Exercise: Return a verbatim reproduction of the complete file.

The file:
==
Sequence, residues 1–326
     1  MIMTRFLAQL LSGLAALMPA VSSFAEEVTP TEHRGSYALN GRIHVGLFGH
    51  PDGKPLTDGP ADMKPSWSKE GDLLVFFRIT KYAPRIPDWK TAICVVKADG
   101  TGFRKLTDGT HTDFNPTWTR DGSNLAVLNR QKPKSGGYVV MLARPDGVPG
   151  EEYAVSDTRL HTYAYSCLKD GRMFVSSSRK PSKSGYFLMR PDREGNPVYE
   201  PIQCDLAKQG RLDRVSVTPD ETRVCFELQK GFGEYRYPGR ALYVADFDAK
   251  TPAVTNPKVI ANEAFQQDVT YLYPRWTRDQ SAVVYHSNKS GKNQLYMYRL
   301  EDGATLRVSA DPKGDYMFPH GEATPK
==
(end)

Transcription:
Sequence, residues 1–326
     1  MIMTRFLAQL LSGLAALMPA VSSFAEEVTP TEHRGSYALN GRIHVGLFGH
    51  PDGKPLTDGP ADMKPSWSKE GDLLVFFRIT KYAPRIPDWK TAICVVKADG
   101  TGFRKLTDGT HTDFNPTWTR DGSNLAVLNR QKPKSGGYVV MLARPDGVPG
   151  EEYAVSDTRL HTYAYSCLKD GRMFVSSSRK PSKSGYFLMR PDREGNPVYE
   201  PIQCDLAKQG RLDRVSVTPD ETRVCFELQK GFGEYRYPGR ALYVADFDAK
   251  TPAVTNPKVI ANEAFQQDVT YLYPRWTRDQ SAVVYHSNKS GKNQLYMYRL
   301  EDGATLRVSA DPKGDYMFPH GEATPK